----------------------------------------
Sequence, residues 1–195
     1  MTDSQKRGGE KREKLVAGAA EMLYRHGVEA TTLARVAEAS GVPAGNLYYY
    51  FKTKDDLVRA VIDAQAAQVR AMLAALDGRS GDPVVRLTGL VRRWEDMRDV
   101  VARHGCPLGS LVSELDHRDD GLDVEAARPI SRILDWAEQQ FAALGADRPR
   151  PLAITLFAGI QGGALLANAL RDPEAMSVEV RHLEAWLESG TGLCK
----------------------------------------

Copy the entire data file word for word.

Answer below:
Sequence, residues 1–195
     1  MTDSQKRGGE KREKLVAGAA EMLYRHGVEA TTLARVAEAS GVPAGNLYYY
    51  FKTKDDLVRA VIDAQAAQVR AMLAALDGRS GDPVVRLTGL VRRWEDMRDV
   101  VARHGCPLGS LVSELDHRDD GLDVEAARPI SRILDWAEQQ FAALGADRPR
   151  PLAITLFAGI QGGALLANAL RDPEAMSVEV RHLEAWLESG TGLCK